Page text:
A STUDENT who sank his teeth into his dad’s ear after a Christmas Eve drinking session has walked free from court.
Gareth Wilde, who is said to suffer depression and have an alcohol problem, left victim Colin Wilde cut and bleeding after the attack at the family home in Nelson.
Pennine magistrates heard how Wilde, who is at Burnley College on a business studies course, had turned to drink after he and a friend found some drugs in a local park and the friend took them and died.
The defendant was given eight weeks in prison, suspended for a year, with 12 months supervision to address alcohol misuse and anger management.
Wilde (21), of Park Drive, admitted assault by beating.
The Bench told him a home should be a place of refuge, he had used his teeth as a weapon and his actions would have ongoing effects on his father, physically and emotionally.
Mrs Alex Mann (prosecuting) said the defendant and his father has been out drinking and both were said to be quite drunk.
Wilde was saying unpleasant things once home and he and his father ended up grappling. Someone tried to separate them and the defendant bit his dad. Wilde had a record and some offences related to drink and drugs.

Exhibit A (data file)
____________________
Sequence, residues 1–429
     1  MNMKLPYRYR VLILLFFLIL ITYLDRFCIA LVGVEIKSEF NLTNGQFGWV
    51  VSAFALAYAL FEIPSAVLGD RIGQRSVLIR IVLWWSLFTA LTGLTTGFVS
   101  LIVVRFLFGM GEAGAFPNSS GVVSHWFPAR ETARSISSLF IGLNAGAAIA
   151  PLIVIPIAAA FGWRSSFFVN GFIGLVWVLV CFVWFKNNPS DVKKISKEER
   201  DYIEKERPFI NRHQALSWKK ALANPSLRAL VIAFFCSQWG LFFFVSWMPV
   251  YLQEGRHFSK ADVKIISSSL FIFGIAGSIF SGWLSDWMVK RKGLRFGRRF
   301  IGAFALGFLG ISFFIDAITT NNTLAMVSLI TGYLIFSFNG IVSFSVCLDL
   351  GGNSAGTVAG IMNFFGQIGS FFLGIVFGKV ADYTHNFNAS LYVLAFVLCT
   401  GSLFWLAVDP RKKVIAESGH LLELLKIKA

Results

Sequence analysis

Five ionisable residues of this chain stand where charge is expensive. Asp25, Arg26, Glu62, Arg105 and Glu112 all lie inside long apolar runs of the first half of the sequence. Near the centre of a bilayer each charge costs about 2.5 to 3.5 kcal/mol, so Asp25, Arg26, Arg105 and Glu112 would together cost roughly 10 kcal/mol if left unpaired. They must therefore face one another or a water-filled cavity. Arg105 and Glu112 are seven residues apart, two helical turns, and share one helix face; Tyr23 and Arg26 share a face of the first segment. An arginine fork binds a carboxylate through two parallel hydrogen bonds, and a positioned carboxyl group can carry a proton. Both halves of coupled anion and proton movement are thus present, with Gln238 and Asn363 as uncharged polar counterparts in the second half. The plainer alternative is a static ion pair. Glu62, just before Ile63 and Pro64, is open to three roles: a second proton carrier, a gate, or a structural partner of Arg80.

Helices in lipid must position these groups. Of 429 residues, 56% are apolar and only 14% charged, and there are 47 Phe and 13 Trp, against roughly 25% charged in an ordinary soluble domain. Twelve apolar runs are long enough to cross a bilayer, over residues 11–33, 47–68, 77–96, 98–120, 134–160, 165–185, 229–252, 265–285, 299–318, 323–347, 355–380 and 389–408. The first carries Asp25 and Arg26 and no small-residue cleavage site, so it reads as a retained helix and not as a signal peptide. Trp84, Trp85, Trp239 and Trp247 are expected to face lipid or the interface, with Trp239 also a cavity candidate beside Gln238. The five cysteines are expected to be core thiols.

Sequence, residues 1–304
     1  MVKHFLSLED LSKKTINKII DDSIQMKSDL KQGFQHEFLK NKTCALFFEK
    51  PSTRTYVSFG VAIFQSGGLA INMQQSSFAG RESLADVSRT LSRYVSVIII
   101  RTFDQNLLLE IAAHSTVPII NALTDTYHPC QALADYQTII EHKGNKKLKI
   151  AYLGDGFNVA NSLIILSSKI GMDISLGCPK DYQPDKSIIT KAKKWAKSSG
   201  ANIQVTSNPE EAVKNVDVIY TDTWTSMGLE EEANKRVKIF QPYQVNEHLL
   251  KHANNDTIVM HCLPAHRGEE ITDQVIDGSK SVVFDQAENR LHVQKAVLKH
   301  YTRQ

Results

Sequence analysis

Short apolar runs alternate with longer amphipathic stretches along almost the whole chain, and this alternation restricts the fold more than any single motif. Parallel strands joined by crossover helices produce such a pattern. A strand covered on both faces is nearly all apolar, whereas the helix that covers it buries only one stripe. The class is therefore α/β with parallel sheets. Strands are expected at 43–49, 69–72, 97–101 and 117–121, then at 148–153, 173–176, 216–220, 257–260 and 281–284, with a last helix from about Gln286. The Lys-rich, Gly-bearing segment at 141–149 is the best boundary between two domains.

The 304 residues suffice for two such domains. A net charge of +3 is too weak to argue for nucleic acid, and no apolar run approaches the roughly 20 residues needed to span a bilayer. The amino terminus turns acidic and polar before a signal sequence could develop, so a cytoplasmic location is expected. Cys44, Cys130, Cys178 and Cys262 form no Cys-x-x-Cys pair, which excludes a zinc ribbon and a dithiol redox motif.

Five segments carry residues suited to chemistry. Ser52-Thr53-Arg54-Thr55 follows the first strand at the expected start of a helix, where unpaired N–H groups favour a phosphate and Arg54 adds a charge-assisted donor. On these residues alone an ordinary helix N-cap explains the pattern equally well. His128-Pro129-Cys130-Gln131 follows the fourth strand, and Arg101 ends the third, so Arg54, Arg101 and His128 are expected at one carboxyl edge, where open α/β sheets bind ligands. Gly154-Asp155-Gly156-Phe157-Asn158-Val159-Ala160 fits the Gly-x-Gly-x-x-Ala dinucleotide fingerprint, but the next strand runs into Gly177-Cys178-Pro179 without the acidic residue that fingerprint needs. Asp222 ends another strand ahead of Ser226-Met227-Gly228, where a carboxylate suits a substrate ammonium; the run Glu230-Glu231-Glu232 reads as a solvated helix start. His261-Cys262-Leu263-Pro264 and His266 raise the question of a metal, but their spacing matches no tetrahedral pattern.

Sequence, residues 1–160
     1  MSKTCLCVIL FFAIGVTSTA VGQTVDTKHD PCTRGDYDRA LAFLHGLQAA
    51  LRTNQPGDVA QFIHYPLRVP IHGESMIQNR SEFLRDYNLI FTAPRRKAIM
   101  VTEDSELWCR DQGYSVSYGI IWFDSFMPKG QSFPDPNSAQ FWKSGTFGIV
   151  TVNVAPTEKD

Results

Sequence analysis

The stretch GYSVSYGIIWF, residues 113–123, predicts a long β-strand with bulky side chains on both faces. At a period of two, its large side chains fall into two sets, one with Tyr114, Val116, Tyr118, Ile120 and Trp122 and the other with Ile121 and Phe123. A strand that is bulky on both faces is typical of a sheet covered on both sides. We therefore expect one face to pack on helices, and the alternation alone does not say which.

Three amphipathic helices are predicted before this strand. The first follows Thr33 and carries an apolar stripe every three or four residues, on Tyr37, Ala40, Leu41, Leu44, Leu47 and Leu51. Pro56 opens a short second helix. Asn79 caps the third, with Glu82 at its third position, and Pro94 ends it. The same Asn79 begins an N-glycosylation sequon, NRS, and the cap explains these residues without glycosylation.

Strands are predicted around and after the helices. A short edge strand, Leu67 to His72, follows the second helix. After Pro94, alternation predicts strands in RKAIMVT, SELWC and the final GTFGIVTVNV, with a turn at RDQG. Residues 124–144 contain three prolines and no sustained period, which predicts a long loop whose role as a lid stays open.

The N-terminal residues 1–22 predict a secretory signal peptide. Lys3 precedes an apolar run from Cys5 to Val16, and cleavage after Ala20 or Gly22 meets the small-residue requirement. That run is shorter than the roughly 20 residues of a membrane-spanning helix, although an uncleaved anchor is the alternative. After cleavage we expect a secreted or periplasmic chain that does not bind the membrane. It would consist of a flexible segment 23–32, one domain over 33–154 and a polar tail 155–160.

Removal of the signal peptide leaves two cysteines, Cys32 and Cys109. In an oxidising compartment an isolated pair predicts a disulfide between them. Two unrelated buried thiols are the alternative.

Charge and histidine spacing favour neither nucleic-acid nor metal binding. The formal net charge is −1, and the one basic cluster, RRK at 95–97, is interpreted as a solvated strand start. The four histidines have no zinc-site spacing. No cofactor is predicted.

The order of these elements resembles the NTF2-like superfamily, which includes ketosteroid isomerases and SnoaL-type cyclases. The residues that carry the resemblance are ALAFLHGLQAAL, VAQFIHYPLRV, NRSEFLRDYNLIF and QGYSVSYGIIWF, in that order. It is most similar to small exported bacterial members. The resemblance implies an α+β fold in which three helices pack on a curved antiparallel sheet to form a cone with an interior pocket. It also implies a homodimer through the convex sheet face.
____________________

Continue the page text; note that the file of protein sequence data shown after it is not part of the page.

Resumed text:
Mr Nick Cassidy, for Wilde, said it was perhaps due to good luck the defendant wasn’t facing a more serious charge. Thankfully, his father did not suffer permanent injury.
Wilde had a number of problems. He had had an issue with drink since his friend died, although he accepted he had to take responsibility for his actions.
Mr Cassidy said when the defendant would start drinking, he couldn’t stop. He had been adamant he wasn’t going to have a drink, but was pestered by friends. The defendant thought he could have one or two drinks, but he carried on drinking and an argument developed at his father’s address.
The solicitor continued: “The defendant has little, if any recollection, of events. He fully accepts he needs some professional help in relation to his drinking.”
Mr Cassidy added Wilde, who was on medication, wanted to apologise to his father. He told the justices: “Hopefully, if the defendant stops drinking, hopefully we won’t see him again.”